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The same (basically) as my AikiWeb blog, & I'll run them in parallel. You can't comment on the other one. It's more for people who aren't on AikiWeb already. It's a bit easier to browse, has more photos, etc. But it's not a replacement for this AikiBlog.
I think I've noticed an interesting rhythm to what is covered in classes: As exams approach, about every 2 months, classes focus more on techniques that are required for the exams (thank goodness!). Just after exams, we get to try some more interesting things. Both of the classes I did today covered new (to me) ground. Fun stuff!
A few days ago I was reading some of the past newsletter articles on the Aikido of San Diego website, and was in a writing kind of mood, so I rewrote Sensei's "Subject of the Season" article from the Spring 2009 newsletter as a poem, just for fun. (This one actually came before the one I posted a few days ago.) I thought you might enjoy it.
More Than Technique by Linda Eskin
Derived from Dave Goldberg Sensei's Spring09 Newsletter
Words are not the essence of poetry.
Techniques are not the expression of Aikido
Poetry evokes, conveys, inspires.
Aikido balances, grounds, frees.
Brushes and paint are not the artwork.
The toddler, barely walking, dances freely.
Express your Aikido fully, from the beginning.
You know how being cooped up inside all day makes you want to run and play once you get outdoors? I think writing deadly dull things like software specs does the same for my writing. I have to run around and play. I've been reading some of our dojo newsletters online, and although they are written in prose, I hear what's said as poetry. So because I tend to rewrite anything that crosses my path, I've been running around and playing with rewriting newsletters as poems. I can't say if this a "good" poetry, but I hope it touches you.
I had my exam for 6th kyu this morning. You can see the whole thing on video here: http://www.youtube.com/watch?v=NZR4eKhpRXE Commentary and feedback are invited, of course. (This is the same video I posted on Facebook, in case you've already seen it there.)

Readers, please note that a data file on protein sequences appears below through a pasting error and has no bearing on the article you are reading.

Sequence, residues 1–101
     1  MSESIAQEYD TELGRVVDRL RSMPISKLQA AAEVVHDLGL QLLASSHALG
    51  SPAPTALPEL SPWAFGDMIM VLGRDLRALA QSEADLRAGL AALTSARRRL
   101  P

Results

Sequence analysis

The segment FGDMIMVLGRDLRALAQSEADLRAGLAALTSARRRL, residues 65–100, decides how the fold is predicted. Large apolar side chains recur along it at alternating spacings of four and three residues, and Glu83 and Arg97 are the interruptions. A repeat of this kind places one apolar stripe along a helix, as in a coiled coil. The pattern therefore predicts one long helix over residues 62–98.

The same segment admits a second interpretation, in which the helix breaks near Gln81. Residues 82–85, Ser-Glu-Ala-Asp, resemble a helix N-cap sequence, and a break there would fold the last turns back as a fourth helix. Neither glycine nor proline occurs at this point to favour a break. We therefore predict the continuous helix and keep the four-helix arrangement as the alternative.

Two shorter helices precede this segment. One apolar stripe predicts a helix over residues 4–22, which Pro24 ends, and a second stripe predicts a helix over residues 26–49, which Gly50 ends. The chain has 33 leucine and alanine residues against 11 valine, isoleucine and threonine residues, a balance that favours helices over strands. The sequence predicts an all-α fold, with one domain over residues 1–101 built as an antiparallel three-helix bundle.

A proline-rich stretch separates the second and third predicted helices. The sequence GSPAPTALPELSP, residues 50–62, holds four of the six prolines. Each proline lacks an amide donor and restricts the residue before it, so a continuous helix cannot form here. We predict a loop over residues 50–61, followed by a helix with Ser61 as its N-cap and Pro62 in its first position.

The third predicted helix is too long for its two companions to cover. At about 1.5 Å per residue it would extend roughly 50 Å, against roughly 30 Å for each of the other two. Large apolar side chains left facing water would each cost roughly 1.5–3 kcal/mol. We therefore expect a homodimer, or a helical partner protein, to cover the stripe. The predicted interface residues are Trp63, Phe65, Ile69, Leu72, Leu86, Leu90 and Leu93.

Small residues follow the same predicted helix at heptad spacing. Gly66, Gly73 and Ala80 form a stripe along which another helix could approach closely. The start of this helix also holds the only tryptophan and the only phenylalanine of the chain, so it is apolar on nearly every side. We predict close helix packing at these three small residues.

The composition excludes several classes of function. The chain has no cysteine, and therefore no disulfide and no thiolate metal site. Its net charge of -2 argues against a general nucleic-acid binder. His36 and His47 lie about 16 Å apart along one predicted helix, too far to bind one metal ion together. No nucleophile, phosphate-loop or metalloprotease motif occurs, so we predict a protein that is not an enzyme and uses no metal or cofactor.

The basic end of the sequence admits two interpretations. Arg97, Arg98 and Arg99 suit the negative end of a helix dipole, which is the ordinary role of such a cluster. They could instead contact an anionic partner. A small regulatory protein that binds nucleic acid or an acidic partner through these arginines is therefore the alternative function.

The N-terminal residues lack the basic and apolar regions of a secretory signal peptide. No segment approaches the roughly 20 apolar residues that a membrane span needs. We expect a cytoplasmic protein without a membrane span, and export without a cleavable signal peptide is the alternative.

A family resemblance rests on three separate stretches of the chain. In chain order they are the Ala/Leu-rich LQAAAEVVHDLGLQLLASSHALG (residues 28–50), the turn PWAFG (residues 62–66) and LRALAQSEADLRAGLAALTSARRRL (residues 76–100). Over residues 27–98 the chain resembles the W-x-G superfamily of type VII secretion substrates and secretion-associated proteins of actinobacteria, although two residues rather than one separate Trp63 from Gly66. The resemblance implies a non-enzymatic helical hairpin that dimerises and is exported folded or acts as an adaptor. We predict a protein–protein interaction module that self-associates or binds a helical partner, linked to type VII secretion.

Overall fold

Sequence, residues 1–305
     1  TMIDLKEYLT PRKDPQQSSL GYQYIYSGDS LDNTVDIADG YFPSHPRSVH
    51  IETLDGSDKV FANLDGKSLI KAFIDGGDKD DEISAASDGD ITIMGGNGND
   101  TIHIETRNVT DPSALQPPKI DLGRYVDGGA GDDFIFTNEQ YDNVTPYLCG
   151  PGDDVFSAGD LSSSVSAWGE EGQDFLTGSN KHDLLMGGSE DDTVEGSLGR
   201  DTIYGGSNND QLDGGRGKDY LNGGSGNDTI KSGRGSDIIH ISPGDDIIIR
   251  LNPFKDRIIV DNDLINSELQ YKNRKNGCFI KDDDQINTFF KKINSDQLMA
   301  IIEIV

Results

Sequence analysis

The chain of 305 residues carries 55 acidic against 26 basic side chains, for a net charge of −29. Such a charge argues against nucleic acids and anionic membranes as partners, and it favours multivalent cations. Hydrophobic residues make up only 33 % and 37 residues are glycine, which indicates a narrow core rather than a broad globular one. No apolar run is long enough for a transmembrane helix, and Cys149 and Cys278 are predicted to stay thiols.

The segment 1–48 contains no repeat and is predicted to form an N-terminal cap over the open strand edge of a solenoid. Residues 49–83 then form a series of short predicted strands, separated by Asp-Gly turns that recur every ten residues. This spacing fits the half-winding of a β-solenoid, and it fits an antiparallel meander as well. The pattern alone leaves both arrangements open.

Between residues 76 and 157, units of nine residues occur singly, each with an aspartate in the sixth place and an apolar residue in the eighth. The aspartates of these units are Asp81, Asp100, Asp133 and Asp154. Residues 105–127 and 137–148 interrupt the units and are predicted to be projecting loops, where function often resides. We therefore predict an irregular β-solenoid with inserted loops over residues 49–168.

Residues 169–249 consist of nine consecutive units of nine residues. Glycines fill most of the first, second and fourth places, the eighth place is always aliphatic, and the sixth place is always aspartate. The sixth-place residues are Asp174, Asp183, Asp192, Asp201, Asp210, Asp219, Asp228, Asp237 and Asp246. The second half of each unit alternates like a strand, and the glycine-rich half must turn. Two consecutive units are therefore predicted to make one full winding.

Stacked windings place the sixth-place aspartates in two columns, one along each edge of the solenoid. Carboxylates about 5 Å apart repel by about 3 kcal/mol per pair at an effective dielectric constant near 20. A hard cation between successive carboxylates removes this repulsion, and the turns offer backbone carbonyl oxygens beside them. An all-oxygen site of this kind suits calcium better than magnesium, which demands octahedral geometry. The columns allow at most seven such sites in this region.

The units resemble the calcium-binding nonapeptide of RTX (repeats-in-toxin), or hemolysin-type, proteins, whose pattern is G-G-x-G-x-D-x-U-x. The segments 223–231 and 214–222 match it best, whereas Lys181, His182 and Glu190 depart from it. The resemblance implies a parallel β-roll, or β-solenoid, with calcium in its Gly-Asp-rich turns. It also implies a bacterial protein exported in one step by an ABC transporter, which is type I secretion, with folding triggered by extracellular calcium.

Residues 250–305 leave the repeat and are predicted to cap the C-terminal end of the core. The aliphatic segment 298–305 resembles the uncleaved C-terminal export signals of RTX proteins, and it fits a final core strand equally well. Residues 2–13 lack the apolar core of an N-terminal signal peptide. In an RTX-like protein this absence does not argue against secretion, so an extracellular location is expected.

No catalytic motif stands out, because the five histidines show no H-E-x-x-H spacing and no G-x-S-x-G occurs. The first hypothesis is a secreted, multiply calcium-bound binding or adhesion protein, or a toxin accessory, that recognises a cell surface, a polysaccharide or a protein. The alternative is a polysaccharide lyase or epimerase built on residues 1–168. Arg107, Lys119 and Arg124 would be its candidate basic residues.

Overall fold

At our dojo (www.aikidosd.com) we start as unranked. The first test is for 6th kyu.
The exam covered:
- Ukemi: forward & back roll
- Katate-dori: tai no henko, shihonage (omote & ura)
- Shomen-uchi: tenkan & irimi, ikkyo (omote & ura)
- Jiyuwaza: grabs
- Suwariwaza: kokyu dosa
What I've been telling my non-Aikidoka friends is that this test is a little like graduating from kindergarten. I had to show that I basically know my colors and can tie my own shoes. Simple stuff, but hard for a beginner to master.
Most of the feedback I got was very positive. There were a few hiccups:
- I was mentally off-kilter from having just run back from the restroom (there had been a line). Everyone was already seated on the mat, and my exam was first. So it was run back, sit down, get up, go!
- I was winded from rushing, and it took a few minutes to recover from that at the start.
- I got dizzy/spaced from rolling, so blew my first hanmi (for the shomen-uchi tenkan), and then almost fell over. (D'oh!)
- I was not expecting to have to do shikko (knee walking), so I had no idea why Sensei was asking me if my knees were injured. I think that was my only real deer-in-the-headlights, "
This Saturday morning I will arrive at a milestone of sorts on my Aikido path - my first test, for 6th kyu. I've done 36 training days over the course of four and one half months. I can't believe it's only been that long - it feels like a lifetime (in a good way). Some reflections on my journey so far: